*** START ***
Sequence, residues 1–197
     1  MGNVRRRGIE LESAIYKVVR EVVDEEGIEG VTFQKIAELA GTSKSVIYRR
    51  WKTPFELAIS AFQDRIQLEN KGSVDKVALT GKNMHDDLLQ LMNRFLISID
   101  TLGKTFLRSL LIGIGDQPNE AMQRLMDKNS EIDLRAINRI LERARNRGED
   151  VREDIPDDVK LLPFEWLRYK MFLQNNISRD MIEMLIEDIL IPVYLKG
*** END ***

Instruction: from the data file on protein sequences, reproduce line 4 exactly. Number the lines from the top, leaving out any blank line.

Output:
   101  TLGKTFLRSL LIGIGDQPNE AMQRLMDKNS EIDLRAINRI LERARNRGED